Margaret Prosser on the need for a Code of Practice on employee engagement in the workplace
The Trade Union Bill, which today concludes its formal Committee stage, is an almost entirely negative piece of legislation, designed to reduce the involvement of unions both at work and, by attacking campaign funds, in the wider society.
Many things are wrong in the world of work and much effort and thought is needed to ensure that today’s arrangements fit today’s workplaces. Command and control, them and us, never worked well and such attitude are becoming less and less helpful. But attacking unions rather than looking at the work environment in the round will only make matters worse.
An amendment I have tabled for the debate calls for a Code of Practice on employee engagement, requiring employers to establish mechanisms and systems that bring the views of both management and the workforce to the discussion table.
The Involvement and Participation Association (IPA) has carried out research into the relationship between employee engagement and productivity. Its report Involvement and Productivity - the Missing Piece of the Puzzle examines evidence from academics, behavioural surveys and employers that illustrate how giving employees a voice in decision-making processes regarding their future leads to higher productivity.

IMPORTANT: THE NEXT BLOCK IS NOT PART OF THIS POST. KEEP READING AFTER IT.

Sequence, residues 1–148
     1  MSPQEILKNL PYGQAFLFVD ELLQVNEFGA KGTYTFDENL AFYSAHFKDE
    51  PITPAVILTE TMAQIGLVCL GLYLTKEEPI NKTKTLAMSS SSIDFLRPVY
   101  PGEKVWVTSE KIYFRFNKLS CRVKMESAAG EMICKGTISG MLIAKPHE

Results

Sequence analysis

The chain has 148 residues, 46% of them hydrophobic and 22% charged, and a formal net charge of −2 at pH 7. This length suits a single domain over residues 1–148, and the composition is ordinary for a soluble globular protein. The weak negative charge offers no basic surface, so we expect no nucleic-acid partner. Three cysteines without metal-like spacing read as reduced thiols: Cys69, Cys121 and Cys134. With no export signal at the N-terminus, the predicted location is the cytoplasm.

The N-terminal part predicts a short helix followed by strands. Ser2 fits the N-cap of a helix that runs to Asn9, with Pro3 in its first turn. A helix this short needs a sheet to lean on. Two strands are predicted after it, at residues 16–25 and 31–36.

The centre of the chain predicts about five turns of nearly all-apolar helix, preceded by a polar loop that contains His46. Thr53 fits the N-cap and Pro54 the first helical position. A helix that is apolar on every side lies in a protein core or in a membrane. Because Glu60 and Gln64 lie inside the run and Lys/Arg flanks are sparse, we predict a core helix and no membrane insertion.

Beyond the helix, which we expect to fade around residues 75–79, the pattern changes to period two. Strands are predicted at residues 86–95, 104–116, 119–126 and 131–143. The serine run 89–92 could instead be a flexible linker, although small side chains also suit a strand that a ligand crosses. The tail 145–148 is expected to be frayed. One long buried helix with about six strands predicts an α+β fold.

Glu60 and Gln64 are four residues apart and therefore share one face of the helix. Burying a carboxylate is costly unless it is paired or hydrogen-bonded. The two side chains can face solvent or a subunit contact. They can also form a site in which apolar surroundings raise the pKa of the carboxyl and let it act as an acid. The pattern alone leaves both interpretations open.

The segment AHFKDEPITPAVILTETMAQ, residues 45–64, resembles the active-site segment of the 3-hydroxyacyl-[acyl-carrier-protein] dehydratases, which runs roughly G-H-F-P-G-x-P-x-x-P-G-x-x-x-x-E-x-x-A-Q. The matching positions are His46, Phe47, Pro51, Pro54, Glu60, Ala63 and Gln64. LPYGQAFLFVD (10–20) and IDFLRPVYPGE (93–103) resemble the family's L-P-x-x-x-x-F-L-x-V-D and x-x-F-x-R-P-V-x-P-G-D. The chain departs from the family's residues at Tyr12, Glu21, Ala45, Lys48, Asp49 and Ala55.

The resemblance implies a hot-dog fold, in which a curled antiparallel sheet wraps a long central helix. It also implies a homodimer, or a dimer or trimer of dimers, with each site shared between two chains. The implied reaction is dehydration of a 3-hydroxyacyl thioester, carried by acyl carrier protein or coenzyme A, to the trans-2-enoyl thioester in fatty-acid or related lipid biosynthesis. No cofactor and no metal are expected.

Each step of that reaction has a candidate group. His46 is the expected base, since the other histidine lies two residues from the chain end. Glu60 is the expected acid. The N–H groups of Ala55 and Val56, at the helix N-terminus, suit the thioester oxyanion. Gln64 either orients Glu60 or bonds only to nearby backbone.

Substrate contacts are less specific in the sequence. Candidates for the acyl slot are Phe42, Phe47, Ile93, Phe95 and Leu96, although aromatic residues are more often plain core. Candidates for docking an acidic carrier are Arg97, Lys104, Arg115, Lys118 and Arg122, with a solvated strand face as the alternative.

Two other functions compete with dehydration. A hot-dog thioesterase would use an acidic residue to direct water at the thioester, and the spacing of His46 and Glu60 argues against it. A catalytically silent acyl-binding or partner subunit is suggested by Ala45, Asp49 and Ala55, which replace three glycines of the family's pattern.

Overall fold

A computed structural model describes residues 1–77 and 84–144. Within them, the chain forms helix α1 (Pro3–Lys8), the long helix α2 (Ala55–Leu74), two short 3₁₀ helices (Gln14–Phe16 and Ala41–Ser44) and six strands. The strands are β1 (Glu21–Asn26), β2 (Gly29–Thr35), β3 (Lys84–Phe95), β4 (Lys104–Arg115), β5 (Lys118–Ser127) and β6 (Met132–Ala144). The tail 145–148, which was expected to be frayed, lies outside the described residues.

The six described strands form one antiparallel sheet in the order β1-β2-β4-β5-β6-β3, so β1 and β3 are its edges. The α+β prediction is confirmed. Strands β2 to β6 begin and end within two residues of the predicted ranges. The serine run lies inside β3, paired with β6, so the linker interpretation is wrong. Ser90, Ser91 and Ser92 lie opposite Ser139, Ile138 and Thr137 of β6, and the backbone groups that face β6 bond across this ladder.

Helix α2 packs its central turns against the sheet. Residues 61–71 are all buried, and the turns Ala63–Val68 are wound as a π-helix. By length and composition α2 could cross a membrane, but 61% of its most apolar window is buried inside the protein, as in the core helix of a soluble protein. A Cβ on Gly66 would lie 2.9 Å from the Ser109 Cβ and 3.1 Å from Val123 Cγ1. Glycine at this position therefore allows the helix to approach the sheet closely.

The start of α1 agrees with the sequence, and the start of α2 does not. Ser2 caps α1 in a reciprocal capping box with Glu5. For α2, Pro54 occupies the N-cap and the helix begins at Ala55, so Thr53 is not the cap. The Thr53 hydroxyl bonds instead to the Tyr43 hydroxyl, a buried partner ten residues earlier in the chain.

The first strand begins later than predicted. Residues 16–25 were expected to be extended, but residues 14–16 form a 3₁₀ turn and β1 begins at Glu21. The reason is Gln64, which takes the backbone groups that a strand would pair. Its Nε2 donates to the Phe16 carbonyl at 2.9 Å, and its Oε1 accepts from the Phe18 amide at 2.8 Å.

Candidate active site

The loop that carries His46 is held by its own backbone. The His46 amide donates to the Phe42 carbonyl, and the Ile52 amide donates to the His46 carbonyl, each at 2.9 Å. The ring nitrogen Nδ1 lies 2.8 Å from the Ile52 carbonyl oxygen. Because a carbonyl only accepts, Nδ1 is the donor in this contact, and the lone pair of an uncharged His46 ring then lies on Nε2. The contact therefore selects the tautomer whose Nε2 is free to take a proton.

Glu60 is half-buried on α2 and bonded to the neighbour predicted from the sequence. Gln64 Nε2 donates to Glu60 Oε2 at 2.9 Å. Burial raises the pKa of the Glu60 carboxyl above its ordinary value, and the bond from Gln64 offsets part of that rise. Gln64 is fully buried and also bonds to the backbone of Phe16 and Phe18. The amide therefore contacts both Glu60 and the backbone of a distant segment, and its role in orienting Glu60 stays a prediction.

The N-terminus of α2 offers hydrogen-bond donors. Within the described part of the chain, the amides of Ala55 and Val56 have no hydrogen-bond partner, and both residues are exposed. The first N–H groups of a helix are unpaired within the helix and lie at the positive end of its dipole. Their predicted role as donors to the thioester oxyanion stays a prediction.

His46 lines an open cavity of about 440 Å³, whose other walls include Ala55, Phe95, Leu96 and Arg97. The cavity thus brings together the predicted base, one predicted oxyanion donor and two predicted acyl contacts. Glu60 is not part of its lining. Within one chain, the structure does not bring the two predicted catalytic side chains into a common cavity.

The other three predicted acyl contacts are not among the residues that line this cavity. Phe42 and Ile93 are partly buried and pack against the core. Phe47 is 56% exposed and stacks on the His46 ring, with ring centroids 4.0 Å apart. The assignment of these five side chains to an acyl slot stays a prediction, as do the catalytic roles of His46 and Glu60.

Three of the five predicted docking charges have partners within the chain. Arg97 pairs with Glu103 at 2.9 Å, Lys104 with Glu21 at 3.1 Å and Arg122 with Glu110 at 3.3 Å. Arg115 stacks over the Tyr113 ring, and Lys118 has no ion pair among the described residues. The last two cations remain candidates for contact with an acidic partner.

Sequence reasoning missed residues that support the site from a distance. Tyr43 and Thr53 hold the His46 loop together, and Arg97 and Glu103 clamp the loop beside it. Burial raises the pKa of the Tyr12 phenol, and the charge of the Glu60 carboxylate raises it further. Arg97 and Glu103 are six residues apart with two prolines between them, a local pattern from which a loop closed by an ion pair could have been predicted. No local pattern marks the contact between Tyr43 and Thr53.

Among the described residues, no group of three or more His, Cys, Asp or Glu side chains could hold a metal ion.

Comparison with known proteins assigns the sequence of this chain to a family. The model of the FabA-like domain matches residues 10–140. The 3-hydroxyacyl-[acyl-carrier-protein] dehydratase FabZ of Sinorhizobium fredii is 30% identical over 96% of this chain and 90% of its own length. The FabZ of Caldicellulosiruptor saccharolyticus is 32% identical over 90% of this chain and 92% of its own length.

It is not as though we can be complacent about any of this. Productivity in the UK is 17% below our G7 counterparts. The average worker in France and Germany produces in four days what it takes a UK worker to produce in five. We have so much to play for. Evidence in the IPA report shows that only one in three UK workers felt that managers allowed them to influence decisions. Indeed, employers here are less likely than our global competitors to engage with their employees.
There is also ample practical evidence of the beneficial effects of employee engagement. The Royal Mail’s A Great Place to Work programme for example, introduced a number of years ago by its then Chairman Allan Leighton involved workplace listening and learning. This was particularly effective during the uncertainty of privatisation, regularly updating the workforce on issues of concern.
As with productivity, morale is also improved by feelings of inclusion. In day to day to life, we all like being asked for views on how things could proceed. So why not in the workplace? Many workers who have been in employment for a while can have very helpful ideas, based on their knowledge of machinery or systems. It can also save time and money for the company.
So what will the government benches think of my amendment? Well, as it adds something to rather than changes the Bill, it will hopefully be difficult for them to dismiss the proposals out of hand. They cannot say that they don’t want to act like ‘the nanny state’ when they are already poking their noses into other settled arrangements between employer and employee. Equally, they can’t go down the ‘more red tape route’, tying up as they have both unions and employers through their mean minded changes that nobody has asked for.
Baroness Margaret Prosser is a backbench Labour Peer
Published 25th February 2016